However, keep in mind that there are some best practices you need to implement to make sure your HTML emails are not marked as spam. Loopify’s templates are made with all of these things in mind, so there’s no need to stress about it.

  • Keep your code simple and clean. Your templates should not be heavy and have messy code. 
  • Optimize emails for mobile. People open emails on a mobile device. They should load quickly, and the elements should not be too small or illegible. Buttons and links should be large enough to be tapped with a finger without zooming in.
  • Balance your content between images and text. You can include images in your emails. Make sure their file size is not too large and heavy to load. Also, stuff to many images and don’t send image-only emails without any text. 
  • Stick with good fonts and colors. Use fonts that will work across email clients. Irregular font sizes, different font colors, and invisible text will alert the spam filters. 

8. Don’t send to previously bounced emails 

Hard bouncers appear when the email is non-existent or invalid. If your hard bounce number is high, your email can appear on the blacklist. If you use Loopify, it automatically stops sending to previously hard-bounced emails the next time an email campaign goes out.

9. Regularly clean up your email list  

It’s smart to set time aside to clean up your email list and keep it fresh. Remove people who have unsubscribed, hard-bounced, or are inactive subscribers. You get no value from them and can’t communicate with them, but they can negatively affect your reputation.

Be careful here. Maybe some have unsubscribed from email but not from SMS; you’ll want to keep those since they prefer another channel.

In Loopify, you can easily use segments to clean your list from contacts that have not set declined consent.

10. Check if you are a blacklisted sender 

Your deliverability also depends on the reputation of your IP address. If your IP address has a poor reputation, your emails are more likely to end up in the spam folder.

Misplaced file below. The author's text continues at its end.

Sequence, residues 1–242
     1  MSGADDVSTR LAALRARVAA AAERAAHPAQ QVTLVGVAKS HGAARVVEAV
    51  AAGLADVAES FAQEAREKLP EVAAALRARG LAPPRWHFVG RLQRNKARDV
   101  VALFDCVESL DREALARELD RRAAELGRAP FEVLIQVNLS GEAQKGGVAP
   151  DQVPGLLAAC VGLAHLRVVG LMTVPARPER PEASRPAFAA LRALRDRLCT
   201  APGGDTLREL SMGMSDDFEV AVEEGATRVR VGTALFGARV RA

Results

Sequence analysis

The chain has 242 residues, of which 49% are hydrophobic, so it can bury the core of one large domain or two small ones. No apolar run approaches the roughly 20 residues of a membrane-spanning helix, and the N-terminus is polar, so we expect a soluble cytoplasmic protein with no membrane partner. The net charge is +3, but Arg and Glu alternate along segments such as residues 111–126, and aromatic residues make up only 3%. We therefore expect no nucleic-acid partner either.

So, check if you are a blacklisted sender to maintain your reputation.

11. Ask people to add you as a whitelisted sender

This will help keep you out of the spam folder. Whitelisting your email means that people will add your email address to their approved senders’ list. You will improve your deliverability because your email will land in the recipient’s inbox.

As soon as people subscribe, you can ask them to add you to their list of trusted senders.

This question usually goes at the end of the email, and you can include simple instructions on how subscribers can do it. Different email clients have different ways of whitelisting senders.

12. Have an option to display the email in a web browser

Even if you do everything right, some email clients may display the email badly or not show the images. That’s why it’s a nice option to view the email as a webpage.

13. Set up expectations

When people subscribe, tell them what type of content you’ll send and how often.

If they expect a monthly newsletter, but you send it weekly, people will hit that unsubscribe or mark you as spam in an instant.

If you have several categories, it’s a good idea to divide them into subscription categories so that people can choose which one they want to subscribe to. 

14. Pay attention to your subject line

Avoid spam trigger words. A huge no-no is to create misleading subject lines as well. The subject line should reflect your message. If people feel deceived by your subject lines, they’ll mark you as spam.